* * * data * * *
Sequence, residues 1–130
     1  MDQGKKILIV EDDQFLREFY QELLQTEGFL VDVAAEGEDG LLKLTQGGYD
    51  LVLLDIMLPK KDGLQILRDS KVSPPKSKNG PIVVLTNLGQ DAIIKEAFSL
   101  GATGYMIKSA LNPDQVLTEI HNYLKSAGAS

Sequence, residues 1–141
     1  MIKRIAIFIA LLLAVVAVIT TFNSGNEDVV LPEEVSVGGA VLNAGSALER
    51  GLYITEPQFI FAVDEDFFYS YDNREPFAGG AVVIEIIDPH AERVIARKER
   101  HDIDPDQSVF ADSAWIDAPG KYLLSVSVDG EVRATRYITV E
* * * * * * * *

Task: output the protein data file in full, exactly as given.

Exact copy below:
Sequence, residues 1–130
     1  MDQGKKILIV EDDQFLREFY QELLQTEGFL VDVAAEGEDG LLKLTQGGYD
    51  LVLLDIMLPK KDGLQILRDS KVSPPKSKNG PIVVLTNLGQ DAIIKEAFSL
   101  GATGYMIKSA LNPDQVLTEI HNYLKSAGAS

Sequence, residues 1–141
     1  MIKRIAIFIA LLLAVVAVIT TFNSGNEDVV LPEEVSVGGA VLNAGSALER
    51  GLYITEPQFI FAVDEDFFYS YDNREPFAGG AVVIEIIDPH AERVIARKER
   101  HDIDPDQSVF ADSAWIDAPG KYLLSVSVDG EVRATRYITV E